SKCC 5123T----- FISTS 14979----- Flying Pigs 2331----- NAQCC 3610-----QRP ARCI 14176-----Polar Bear 257

Sunday, June 30, 2013

The AlexLoop Antenna and RaDAR

The AlexLoop Walkham is a magnetic loop antenna designed and sold by Alexandre Grimberg PY3AHD from Brazil. See on the web. There are many experimenters building their own mag loops but the Alexloop is one of only a very few commercially available mag loops. The AlexLoop implements a mag loop for the 40 through 10 meter bands. It packs into a small bag that comes with the purchase. I am able to pack mine into a backpack with my KX3 and external battery. This is perfect for Rapid Deployment Amateur Radio (RaDAR).

AlexLoop and KX3 at St. Andrews State Park during RaDAR event

The AlexLoop is commonly supported by a camera tripod about three feet off the ground. I also use a four foot pole with a spike. It is necessary to be near the loop to retune it manually when there is a frequency change. The AlexLoop is rated for 10 watts on CW and 20 watts on SSB.

A backyard setup on family visit

The AlexLoop is about three feet in diameter. The loop itself is coax. The coax loop hooks into a capacitor box at the bottom using PL-259 type connectors. The vertical support for the loop are three plastic tubes that join together. The coax is unhooked and coiled and the tubes are broken down to yield the small pack up size.

The AlexLoop in my LowePro Flipside 300 Backpack

The backpack ready for RaDAR ops.

The AlexLoop can be purchased directly from Brazil. It is also sold by US vendors. I bought mine from W4RT and I see it now on the GigaParts web site. The price is around $350 which can cause a pause. However, you must consider that you are getting a ready to use product that is the result of many years of experimenting. It is not too different in price from the popular Buddipole products.

Now with the preliminaries out of the way, lets highlight what makes the AlexLoop a great choice for portable operations.

Size: The deployed loop is small compared to full size half wave or quarter wave antennas. It is also smaller than the typical shortened dipole or vertical. Note, there is no counterpoise required.

Height: It is recommended to be deployed at three feet as a vertical loop. I have used mine on a coffee table with the tripod legs shortened. So forget about masts or trees for support. It also could be deployed horizontally from a balcony.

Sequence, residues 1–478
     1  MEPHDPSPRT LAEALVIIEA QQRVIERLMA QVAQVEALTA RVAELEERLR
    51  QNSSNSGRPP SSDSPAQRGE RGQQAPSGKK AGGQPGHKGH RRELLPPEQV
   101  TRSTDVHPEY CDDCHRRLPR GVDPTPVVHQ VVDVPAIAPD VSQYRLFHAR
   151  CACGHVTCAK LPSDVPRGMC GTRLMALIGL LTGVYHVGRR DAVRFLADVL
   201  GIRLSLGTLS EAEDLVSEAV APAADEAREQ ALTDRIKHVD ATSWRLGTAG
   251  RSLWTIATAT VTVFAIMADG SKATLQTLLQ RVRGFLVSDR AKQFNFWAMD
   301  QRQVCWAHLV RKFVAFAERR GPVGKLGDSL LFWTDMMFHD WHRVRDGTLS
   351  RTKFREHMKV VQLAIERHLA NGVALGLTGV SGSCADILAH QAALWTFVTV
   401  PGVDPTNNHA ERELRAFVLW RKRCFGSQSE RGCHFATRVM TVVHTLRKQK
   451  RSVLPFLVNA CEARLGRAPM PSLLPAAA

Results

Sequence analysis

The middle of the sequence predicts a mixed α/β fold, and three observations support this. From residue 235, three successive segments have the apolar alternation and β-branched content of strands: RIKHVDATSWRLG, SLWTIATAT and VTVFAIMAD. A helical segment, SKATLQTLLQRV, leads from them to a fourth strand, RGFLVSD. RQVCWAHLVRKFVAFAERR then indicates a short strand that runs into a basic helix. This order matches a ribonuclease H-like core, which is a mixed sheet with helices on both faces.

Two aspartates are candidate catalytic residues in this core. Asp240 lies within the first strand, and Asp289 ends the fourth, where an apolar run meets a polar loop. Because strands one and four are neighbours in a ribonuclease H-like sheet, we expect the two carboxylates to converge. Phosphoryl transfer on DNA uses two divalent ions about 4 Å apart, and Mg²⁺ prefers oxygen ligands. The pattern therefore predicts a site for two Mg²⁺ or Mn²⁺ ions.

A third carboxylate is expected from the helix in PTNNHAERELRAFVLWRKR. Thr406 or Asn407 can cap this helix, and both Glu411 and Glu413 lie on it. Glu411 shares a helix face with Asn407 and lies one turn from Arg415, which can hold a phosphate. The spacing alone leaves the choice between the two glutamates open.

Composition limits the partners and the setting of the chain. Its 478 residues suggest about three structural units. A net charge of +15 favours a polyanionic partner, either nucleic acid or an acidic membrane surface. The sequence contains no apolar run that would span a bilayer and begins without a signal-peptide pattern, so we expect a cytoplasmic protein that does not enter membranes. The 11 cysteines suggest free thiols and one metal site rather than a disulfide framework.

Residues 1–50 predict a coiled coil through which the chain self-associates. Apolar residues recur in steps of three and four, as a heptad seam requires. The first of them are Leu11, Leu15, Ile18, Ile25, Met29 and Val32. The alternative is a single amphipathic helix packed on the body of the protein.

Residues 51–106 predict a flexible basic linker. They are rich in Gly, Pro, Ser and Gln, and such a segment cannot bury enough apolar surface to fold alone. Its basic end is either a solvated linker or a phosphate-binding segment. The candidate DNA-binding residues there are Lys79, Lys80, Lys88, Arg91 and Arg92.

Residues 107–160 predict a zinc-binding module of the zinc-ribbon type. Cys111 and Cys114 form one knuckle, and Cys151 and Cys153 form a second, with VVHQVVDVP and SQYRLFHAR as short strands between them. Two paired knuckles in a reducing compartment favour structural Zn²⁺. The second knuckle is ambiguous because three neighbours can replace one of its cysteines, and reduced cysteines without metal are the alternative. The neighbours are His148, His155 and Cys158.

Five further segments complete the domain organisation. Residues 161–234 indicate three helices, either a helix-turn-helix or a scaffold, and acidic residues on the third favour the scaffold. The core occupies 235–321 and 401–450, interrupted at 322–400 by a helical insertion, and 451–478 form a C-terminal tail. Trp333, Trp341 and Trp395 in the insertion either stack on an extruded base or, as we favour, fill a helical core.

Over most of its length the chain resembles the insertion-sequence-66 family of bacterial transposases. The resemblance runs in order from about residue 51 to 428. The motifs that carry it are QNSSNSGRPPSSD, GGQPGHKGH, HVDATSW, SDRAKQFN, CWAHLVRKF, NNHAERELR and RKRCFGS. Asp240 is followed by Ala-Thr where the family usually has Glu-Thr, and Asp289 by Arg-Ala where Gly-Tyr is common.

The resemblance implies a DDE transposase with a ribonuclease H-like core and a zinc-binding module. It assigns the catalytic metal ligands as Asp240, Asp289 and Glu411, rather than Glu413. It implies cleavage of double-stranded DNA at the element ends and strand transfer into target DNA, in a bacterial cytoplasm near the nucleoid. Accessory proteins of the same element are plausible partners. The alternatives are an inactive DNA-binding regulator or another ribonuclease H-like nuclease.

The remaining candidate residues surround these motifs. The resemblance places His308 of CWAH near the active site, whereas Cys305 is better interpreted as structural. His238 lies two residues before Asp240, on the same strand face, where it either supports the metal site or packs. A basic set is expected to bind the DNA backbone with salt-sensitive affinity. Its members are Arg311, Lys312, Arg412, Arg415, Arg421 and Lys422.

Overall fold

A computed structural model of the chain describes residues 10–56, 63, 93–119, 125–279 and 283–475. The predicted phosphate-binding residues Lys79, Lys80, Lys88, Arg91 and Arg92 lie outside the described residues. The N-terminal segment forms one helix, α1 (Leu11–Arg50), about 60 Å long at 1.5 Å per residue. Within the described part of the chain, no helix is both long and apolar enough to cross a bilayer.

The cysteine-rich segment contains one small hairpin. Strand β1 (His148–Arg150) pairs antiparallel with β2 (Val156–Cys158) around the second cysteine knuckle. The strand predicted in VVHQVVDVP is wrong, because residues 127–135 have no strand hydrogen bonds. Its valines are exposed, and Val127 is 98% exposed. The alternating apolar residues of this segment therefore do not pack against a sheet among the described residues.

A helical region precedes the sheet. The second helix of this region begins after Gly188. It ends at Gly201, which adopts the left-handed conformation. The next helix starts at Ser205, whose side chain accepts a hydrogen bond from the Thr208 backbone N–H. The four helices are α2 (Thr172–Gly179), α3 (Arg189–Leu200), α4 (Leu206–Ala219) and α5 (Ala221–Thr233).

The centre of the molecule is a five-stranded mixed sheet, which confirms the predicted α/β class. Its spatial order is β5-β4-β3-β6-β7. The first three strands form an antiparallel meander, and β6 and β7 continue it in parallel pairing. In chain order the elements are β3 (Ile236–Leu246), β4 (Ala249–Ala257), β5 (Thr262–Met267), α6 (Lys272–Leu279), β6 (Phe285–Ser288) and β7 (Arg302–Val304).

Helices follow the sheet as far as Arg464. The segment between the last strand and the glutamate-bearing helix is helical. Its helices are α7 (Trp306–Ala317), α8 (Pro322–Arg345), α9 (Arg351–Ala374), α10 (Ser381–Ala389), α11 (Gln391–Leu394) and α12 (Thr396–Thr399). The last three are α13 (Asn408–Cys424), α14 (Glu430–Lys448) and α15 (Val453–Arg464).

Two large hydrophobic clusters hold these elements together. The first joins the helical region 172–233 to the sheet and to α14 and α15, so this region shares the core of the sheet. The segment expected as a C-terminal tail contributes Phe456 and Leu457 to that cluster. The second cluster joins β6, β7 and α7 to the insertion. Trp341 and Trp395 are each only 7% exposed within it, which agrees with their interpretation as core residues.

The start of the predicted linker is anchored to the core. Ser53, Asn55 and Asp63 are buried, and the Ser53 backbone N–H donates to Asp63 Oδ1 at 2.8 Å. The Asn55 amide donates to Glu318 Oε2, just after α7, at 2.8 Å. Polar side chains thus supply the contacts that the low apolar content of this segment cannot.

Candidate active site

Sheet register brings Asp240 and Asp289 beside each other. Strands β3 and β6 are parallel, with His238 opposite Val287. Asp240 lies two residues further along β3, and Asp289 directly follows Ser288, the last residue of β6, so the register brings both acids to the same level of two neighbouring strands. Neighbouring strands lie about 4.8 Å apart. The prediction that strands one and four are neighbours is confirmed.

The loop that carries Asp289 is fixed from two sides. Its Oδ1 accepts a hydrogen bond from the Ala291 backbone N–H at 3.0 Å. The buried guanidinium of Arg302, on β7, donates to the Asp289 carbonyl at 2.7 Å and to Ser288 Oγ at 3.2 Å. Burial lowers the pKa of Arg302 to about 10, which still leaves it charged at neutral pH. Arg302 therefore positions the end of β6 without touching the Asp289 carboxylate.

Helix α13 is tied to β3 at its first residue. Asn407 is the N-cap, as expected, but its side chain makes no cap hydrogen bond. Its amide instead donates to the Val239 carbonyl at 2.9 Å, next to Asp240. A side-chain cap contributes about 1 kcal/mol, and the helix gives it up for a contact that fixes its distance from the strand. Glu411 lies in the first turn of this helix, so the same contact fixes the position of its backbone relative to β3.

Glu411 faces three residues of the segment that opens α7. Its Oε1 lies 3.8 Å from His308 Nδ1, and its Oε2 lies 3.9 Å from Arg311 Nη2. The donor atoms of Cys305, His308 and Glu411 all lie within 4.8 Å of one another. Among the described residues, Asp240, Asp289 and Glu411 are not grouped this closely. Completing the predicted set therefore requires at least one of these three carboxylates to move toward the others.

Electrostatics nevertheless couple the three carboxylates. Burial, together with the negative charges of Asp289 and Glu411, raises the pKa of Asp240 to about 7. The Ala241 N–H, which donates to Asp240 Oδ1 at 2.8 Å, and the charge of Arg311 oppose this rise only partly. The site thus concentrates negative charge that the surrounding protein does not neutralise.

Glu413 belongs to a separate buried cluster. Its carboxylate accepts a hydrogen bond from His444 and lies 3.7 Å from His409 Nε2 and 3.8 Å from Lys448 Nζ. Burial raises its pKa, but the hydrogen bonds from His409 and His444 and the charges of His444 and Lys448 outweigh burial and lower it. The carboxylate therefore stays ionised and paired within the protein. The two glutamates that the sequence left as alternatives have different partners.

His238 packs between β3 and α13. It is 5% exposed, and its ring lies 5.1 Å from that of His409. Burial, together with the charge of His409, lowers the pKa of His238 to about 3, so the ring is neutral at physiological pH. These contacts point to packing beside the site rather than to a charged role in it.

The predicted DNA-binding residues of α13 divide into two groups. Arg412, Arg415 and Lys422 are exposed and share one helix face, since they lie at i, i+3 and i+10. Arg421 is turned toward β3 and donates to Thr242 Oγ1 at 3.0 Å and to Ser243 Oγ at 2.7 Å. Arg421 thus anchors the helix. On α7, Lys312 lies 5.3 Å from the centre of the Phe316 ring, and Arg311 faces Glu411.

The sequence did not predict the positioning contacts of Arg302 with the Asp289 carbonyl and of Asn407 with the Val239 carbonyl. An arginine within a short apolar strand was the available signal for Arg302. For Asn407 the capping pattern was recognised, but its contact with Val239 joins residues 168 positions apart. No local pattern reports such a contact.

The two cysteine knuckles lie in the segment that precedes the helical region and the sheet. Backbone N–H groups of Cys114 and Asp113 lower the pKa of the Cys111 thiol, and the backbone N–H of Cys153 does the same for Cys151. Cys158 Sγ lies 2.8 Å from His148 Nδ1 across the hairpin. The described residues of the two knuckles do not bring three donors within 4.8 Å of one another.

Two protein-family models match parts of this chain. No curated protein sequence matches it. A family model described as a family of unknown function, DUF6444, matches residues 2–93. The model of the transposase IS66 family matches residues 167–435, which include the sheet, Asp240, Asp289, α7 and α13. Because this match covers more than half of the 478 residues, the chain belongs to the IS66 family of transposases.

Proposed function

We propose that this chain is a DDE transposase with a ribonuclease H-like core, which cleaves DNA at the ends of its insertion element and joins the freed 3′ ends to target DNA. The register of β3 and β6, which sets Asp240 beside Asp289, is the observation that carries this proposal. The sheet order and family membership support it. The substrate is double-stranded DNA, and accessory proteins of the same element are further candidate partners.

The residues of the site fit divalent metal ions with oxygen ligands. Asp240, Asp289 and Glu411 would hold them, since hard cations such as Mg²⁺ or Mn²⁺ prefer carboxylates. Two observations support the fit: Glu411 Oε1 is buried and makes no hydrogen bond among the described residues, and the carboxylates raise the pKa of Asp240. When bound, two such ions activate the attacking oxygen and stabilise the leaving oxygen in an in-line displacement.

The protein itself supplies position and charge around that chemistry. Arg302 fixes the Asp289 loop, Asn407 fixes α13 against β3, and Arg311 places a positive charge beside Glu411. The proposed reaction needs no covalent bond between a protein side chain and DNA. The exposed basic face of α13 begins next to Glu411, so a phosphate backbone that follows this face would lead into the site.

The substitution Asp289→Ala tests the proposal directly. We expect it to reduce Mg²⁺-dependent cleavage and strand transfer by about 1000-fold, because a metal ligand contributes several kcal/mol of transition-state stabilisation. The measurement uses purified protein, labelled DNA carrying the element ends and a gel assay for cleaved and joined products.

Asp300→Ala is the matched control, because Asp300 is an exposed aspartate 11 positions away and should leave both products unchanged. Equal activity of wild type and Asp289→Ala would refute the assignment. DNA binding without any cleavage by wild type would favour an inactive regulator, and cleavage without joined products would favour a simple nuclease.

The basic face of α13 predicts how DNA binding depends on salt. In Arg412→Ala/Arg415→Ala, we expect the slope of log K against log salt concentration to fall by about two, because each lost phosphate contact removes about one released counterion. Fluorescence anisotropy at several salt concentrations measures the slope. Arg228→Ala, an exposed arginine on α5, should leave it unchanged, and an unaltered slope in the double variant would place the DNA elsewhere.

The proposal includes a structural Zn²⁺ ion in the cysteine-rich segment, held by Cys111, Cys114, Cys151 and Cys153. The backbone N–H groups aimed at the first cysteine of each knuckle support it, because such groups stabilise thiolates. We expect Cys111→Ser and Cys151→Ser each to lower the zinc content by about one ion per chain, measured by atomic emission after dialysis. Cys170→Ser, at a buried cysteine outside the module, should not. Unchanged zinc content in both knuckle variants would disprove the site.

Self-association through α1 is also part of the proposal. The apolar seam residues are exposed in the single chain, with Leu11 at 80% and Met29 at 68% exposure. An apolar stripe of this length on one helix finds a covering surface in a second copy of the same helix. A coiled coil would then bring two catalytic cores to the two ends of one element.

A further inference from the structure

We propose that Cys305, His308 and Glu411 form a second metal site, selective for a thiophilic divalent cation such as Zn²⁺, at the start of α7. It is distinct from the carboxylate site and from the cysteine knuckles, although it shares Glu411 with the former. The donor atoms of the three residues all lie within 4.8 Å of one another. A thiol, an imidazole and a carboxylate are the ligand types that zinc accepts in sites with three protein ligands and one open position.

Multiband: The loop operates 7 through 30 MHz. That is pretty good. Changing bands is fast as it just requires adjusting the tuning capacitor.

Bandwidth: Narrow! This is the price you pay. It does require retuning when moving up and down the band or changing bands.

Tuner: Not required and I advise against it. You will need an SWR indicating device.

Efficiency: I am not the technical expert on loops. I have seen figures of 90% on 10 meters down to 5% on 40 meters. In any case don't think that the efficiency will keep you from making contacts even on 40 meters.

Performance: I find it impossible to compare directly any two antennas for performance. Likewise, making contacts has a lot to do with conditions and opportunity that someone wants to QSO with you. Given all that, I have success on almost every portable outing. I have had the full range of operating outcomes. I have answered CQs with no luck, I call a station and get and get a weak report but QSO for 30 minutes and then call another station and get a strong report. This can be all in the same outing. I have also called CQ with no luck and also called CQ and get an immediate reply. I have also held a frequency down for an hour. This includes CW and SSB.

My web site documents many outings with the Alexloop. One outing yielded eighteen contacts on 20 meters and eight on 15 meters. This included F6HKA in France and V31JP in Belize on 15 meters. At lunch one day I worked South Africa on 10 meters. Of course, any indoor contact is satisfying and 40 meter contacts are awesome. Just envision that 40 meter dipole you did not put up.

I surprised my relatives by setting up on the coffee table 

The bottom line is that you are going to be able to operate in almost any portable situation. This includes indoors. I have operated from hotel rooms, hotel balconies, and also my relatives living room off their coffee table. I have a camera backpack that holds the KX3, AlexLoop, external battery and tripod strapped to the back of the pack.

I have to warn you that this antenna is not for everyone and your mileage may vary. A beginner may be frustrated with unsuccessful outings. There is luck involved and also experience to be gained in finding QSO opportunities. I think State QSO Party weekends are a good time to get broke in. Likewise, it is natural to have a mindset that you can't do so much with so little. Give the Alexloop a chance and you will be surprised.

AlexLoop Tuning:

STOP you do NOT need a tuner or analyzer.

First, Simply adjust the knob for the capacitor for maximum noise at the desired operating frequency. I find with the KX3 you may have to turn on the preamp to hear noise. For the KX3 take advantage of the S meter and tweak for a peak on the meter. You may be rewarded with being close enough. To complete the tuning produce a carrier (XMIT button on the KX3) and carefully adjust the knob for min SWR. You can get as low as 1.1 or 1.2. However if you get 1.5 to 1 a few KHz over it will be 1.1 to 1. On 10 meters the SWR does not get as low.

I don't have any financial interest in Alexloop, Other than I am a satisfied customer. I have really gotten my money's worth over and over. I really have to wonder why I should break out a larger antenna for portable ops. Also, Alex the ham is friendly and responsive. He participates in the KX3 and Mag Loop forums on Yahoo groups. Thanks Alex for a great product. Your efforts are appreciated.

KX3 and AlexLoop demo at the 2013 Orlando Hamcation